Varenicline’s effects on acute smoking behavior and reward and their association with subsequent abstinence
- First Online:
- 100 Downloads
Varenicline may aid smoking cessation by attenuating smoking behavior and reward. We compared the effects of varenicline versus placebo on smoking behavior and reward, assessed both prospectively and retrospectively, and related these effects to subsequent success in a brief simulated quit attempt with medication.
Materials and methods
Smokers (n = 124) with high or low interest in quitting smoking participated in a double-blind crossover study of varenicline versus placebo effects on smoking behavior and reward. In each of two phases, subjects received a week of medication run-up with varenicline (0.5 mg, b.i.d.) or placebo while continuing to smoke, followed the next week by an attempt to quit while on medication. At the end of each run-up week, subjects completed retrospective measures of smoking reward (liking) and number of cigarettes over the prior 24 hrs, and they provided an expired air carbon monoxide (CO) measure. They then completed a prospective session in which they ad lib smoked and rated the rewarding effects of one of their preferred cigarettes while blind to brand.
Varenicline decreased smoking reward significantly in the prospective assessment, but only marginally in the retrospective assessment. Varenicline did not alter smoking behavior prospectively, but did reduce CO and retrospective report of smoking amount. None of these effects of varenicline predicted subsequent days of abstinence due to varenicline.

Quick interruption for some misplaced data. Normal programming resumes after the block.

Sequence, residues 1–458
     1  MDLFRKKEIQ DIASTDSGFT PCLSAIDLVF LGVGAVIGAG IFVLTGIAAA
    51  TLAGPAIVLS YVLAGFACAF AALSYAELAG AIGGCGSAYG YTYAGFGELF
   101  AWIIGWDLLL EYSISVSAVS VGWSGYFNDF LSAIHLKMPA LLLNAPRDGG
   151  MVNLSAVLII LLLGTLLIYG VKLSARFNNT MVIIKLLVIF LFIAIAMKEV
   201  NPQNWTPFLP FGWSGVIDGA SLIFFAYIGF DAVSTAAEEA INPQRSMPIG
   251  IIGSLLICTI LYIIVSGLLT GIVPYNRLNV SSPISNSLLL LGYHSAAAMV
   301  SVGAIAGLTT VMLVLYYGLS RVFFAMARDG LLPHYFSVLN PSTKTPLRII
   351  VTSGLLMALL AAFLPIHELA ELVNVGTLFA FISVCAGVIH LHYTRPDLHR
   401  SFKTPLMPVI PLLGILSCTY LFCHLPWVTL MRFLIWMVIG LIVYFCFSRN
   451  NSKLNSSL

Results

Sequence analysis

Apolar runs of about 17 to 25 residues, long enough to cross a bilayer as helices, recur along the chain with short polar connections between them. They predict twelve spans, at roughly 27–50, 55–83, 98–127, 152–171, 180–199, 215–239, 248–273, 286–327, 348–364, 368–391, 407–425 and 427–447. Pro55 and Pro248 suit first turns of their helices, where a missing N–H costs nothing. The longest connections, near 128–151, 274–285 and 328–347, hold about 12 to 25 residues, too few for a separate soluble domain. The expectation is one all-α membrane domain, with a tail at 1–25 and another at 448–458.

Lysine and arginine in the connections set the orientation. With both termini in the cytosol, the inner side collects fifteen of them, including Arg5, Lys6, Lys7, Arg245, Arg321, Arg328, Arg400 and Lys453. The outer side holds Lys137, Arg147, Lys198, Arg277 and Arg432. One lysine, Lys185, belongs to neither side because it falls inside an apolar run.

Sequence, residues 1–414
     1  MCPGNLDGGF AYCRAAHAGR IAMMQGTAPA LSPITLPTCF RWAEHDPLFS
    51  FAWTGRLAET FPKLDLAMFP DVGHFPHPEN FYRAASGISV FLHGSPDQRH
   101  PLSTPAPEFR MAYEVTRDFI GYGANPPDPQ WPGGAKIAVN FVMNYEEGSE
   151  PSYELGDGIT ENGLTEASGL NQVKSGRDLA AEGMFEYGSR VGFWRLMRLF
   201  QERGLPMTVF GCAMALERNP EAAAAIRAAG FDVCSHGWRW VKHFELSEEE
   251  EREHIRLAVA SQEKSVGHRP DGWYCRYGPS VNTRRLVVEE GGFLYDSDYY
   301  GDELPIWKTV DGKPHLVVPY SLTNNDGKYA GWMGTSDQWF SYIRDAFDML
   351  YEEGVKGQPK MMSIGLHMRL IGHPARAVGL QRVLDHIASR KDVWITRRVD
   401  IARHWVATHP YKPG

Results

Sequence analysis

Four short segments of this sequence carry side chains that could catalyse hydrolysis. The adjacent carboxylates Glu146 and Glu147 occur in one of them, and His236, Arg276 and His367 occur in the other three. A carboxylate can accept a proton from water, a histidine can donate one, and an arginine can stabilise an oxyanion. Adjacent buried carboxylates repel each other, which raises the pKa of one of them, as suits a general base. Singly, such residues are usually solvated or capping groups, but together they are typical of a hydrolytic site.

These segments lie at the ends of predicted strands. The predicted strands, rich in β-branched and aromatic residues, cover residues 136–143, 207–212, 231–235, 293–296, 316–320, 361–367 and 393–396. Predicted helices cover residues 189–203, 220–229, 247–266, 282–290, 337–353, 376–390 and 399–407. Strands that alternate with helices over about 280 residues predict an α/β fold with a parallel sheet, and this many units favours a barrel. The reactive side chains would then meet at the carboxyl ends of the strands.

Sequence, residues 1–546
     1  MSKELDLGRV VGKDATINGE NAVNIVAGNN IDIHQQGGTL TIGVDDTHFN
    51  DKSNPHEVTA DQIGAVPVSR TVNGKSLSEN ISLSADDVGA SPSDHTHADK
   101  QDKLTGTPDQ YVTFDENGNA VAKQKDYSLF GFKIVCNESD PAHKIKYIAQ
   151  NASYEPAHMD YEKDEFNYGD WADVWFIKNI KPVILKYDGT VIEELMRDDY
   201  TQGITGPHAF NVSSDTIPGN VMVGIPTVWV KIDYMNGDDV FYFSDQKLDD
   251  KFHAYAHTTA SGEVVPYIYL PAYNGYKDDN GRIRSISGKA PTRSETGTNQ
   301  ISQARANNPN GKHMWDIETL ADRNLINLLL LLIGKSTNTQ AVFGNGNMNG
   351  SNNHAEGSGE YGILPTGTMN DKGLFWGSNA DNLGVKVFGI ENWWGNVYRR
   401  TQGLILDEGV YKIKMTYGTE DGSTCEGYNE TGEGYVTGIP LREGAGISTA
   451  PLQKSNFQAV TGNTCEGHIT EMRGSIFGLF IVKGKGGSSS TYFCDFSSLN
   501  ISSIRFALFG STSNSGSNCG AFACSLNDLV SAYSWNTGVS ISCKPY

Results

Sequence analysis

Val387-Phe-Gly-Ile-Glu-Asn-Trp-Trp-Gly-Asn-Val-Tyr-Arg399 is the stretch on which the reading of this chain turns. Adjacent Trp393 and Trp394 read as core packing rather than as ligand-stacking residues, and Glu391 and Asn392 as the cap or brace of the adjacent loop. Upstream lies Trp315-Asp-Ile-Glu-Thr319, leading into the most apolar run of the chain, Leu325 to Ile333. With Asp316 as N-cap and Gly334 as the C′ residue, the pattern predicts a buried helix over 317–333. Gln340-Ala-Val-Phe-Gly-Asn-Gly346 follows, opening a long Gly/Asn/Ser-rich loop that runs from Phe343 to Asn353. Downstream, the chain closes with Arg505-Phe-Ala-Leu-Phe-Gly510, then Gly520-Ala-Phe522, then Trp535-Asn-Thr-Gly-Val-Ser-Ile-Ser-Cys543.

During medication run-up, varenicline decreases acute smoking reward and may attenuate smoking behavior, but these effects do not appear to directly predict varenicline’s influence on smoking abstinence in a short-term test.
KeywordsSmoking Varenicline Reward Smoking cessation Nicotine dependence
- Huitema BE (1980) Analysis of covariance and alternatives. Wiley, New YorkGoogle Scholar
- Perkins KA (2009) Sex differences in nicotine reinforcement and reward: influences on the persistence of tobacco smoking. In: Bevins R, Caggiula AR (eds) The motivational impact of nicotine and its role in tobacco use. Springer, New York, pp 143–169Google Scholar
- Perkins KA, Lerman C, Fonte CA, Mercincavage M, Stitzer ML, Chengappa KRN, Jain A (2010) Cross-validation of a new procedure for early human screening of cessation medications. Clin Pharmacol Ther, in pressGoogle Scholar
- Rollema H, Chambers LK, Coe JW, Glowa J, Hurst RS, Lebel LA, Lu Y, Mansbach RS, Mather RJ, Rovetti CC, Sands SB, Schaeffer E, Schulz DW, Tingley FD, Williams KE (2007) Pharmacological profile of the α4β2 nicotinic acetylcholine receptor partial agonist varenicline, an effective smoking cessation aid. Neuropharmacol 52:985–994CrossRefGoogle Scholar
- Wakefield M, Morley C, Horan JK, Cummings KM (2002) The cigarette pack as image: new evidence from tobacco industry documents. Tob Control 22:173–180Google Scholar